Former Massachusetts Gov. Bill Weld announced Monday that he is officially throwing his hat into the presidential ring, becoming the first Republican to challenge President Donald Trump in the 2020 race.
"In these times of great political strife, when both major parties are entrenched in their 'win at all cost' battles, the voices of the American people are being ignored and our nation is suffering," Weld, who had previously formed an exploratory committee, said in a statement.
"It is time for patriotic men and women across our great nation to stand and plant a flag. It is time to return to the principles of Lincoln: equality, dignity and opportunity for all," he added. "There is no greater cause on earth than to preserve what truly makes America great. I am ready to lead that fight."
Weld, who was the vice presidential nominee on the Libertarian Party ticket alongside former New Mexico Gov. Gary Johnson in 2016, did not mention Trump in his statement. But in a three-minute video announcing his candidacy, Weld's campaign pointed to his record as a Republican governor in a deep blue state before declaring, "America deserves better." The video then highlighted some of Trump's most controversial remarks.
Weld, who previously served two terms as the governor of Massachusetts in the early 1990s, faces significant hurdles in his quest to defeat Trump in the Republican primary. Trump's re-election campaign raked in more than $30 million in the first three months of 2019 and has more than $40 million cash on hand. A recent Gallup survey found that 89 percent of Republicans have a favorable view of the president.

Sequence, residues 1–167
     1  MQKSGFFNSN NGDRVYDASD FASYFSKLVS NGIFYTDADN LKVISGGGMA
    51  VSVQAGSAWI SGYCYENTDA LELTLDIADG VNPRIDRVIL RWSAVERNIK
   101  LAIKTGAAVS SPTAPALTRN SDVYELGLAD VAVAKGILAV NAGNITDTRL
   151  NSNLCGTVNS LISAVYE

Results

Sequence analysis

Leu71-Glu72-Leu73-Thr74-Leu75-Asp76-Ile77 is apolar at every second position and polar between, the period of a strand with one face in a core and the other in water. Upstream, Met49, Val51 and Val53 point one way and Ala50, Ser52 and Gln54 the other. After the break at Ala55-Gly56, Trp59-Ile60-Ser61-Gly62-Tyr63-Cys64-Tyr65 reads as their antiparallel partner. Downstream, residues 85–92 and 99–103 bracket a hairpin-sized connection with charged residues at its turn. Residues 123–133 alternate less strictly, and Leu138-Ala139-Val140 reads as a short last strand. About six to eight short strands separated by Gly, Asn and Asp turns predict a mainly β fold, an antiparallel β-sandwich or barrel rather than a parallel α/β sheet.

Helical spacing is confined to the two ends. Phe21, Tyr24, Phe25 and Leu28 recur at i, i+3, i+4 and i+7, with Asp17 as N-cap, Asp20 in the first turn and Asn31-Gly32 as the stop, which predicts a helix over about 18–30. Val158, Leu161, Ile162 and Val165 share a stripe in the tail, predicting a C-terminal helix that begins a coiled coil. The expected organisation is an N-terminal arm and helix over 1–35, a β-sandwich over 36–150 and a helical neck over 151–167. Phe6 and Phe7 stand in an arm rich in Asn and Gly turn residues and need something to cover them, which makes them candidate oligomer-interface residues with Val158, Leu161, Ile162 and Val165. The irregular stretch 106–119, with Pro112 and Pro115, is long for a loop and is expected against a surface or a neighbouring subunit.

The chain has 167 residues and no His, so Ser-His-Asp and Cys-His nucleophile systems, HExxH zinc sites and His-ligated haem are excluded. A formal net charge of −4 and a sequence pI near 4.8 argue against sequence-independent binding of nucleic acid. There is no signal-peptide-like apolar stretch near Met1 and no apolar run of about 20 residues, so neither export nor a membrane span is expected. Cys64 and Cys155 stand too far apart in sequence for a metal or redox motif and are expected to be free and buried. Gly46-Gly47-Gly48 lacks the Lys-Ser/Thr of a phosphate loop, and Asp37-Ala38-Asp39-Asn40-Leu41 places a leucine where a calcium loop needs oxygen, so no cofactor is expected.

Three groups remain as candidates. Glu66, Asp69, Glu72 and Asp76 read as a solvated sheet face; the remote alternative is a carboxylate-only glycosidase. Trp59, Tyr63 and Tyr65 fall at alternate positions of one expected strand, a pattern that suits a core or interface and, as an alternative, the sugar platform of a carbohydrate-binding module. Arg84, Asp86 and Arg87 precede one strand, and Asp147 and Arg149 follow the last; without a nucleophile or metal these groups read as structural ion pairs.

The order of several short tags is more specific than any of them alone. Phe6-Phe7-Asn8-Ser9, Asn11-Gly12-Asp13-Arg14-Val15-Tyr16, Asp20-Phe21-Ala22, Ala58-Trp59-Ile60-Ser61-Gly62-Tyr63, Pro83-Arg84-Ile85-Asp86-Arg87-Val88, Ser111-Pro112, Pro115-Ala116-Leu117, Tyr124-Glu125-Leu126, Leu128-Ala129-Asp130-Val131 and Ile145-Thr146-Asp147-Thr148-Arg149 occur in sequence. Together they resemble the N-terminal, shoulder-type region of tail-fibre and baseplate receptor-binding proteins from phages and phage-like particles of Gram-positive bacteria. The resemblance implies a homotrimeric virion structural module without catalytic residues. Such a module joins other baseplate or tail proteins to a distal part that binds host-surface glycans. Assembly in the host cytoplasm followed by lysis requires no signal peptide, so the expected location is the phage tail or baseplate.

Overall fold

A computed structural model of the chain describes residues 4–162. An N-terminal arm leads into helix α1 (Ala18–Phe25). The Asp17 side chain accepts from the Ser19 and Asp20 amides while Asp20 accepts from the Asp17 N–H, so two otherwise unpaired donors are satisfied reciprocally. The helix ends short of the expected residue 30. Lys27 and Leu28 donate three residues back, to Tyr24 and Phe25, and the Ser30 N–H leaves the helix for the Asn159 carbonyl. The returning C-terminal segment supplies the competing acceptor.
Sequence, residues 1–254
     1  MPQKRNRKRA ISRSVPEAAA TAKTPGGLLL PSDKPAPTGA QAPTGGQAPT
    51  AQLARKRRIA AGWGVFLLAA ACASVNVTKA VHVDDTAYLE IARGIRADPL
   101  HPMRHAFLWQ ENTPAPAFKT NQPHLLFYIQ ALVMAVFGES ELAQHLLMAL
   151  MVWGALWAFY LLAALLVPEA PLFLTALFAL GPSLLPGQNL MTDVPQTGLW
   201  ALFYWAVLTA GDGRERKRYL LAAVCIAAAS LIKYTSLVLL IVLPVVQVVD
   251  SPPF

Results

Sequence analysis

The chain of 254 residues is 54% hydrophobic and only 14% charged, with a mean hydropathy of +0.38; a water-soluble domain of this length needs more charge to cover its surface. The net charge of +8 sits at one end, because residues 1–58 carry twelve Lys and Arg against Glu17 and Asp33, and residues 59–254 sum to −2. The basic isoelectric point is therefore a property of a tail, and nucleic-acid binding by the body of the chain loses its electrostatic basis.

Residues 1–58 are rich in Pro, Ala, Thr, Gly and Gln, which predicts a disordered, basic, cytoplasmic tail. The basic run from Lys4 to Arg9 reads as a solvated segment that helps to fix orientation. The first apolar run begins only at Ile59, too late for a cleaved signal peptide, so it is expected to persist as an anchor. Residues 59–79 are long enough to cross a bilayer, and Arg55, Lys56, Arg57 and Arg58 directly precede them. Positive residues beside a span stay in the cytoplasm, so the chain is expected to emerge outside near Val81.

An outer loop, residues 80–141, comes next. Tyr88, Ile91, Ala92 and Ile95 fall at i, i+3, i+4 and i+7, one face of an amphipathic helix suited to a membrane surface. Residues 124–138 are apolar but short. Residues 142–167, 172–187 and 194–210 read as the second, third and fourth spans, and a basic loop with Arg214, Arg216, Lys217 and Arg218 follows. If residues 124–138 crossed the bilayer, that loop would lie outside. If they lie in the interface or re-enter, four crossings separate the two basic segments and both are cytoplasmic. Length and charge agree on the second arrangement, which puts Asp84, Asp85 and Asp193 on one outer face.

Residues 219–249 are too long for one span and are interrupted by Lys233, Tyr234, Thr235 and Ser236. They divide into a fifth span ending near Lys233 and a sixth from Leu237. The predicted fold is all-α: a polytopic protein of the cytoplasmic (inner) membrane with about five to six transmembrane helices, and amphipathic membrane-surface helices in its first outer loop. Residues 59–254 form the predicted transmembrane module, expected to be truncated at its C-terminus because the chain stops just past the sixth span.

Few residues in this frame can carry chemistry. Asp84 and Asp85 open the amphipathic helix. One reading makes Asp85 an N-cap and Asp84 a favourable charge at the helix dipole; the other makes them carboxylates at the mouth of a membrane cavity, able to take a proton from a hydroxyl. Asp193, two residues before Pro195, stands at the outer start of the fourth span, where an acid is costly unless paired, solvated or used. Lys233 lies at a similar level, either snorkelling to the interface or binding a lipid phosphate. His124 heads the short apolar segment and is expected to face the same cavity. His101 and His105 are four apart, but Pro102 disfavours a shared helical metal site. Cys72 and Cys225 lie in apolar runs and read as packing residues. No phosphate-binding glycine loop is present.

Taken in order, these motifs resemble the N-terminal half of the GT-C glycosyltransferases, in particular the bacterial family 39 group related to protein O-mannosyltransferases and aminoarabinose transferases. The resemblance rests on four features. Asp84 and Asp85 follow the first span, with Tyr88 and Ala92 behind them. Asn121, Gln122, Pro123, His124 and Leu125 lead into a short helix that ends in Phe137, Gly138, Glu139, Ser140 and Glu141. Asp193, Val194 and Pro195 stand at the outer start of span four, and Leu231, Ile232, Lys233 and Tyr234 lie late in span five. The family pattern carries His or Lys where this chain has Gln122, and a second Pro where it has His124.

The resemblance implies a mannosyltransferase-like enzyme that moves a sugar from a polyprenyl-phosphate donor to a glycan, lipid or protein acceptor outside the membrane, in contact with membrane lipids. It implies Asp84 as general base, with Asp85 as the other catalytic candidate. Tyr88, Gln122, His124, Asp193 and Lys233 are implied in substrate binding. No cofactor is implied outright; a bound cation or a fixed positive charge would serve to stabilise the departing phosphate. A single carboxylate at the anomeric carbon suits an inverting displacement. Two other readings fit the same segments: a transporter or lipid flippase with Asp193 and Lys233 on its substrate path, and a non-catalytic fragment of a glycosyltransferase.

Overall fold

"The president is in a vastly stronger position at this point than any previous incumbent president running for reelection, and only continues to build momentum," Trump campaign manager Brad Parscale said in a statement on Monday, unrelated to Weld's announcement.
The Republican National Committee has taken steps to prevent a primary challenger and unanimously voted in January to throw the party's "undivided support" behind Trump. RNC Chairwoman Ronna Romney McDaniel backed the president earlier this year, warning possible primary challengers to Trump that they would "lose horribly."
Although Weld last won an election in 1994 and has appeared to drift from the Republican Party in recent years — by serving as the vice presidential candidate for the Libertarian Party, calling climate change a threat to the nation and supporting the use of medical marijuana for veterans — he appears eager to present conservative voters a moderate alternative to Trump in 2020.
Weld, who served in former President Ronald Reagan's administration for seven years, including five years as the U.S. attorney for Massachusetts and the head of the Justice Department's criminal division, described himself as "a Republican who works across the aisle and gets things done."
"Donald Trump is not an economic conservative," he said in an interview with CNN on Monday. "He doesn't even pretend to be. The country deserves to have some fiscal constraint and conservatism."
Weld's team appeared to acknowledge it would be incredibly difficult for Weld to actually defeat Trump in the 2020 Republican primary but insisted conservative voters deserve a choice.
"It is a long shot, but it's certainly less of a long shot than Donald Trump was when he announced. And no one thought he was serious," Stuart Stevens, Weld's strategist and adviser since the 1980s, told the Washington Post. "Tonally, he's going to run a very different campaign. He's not mad at the world. He's not a victim."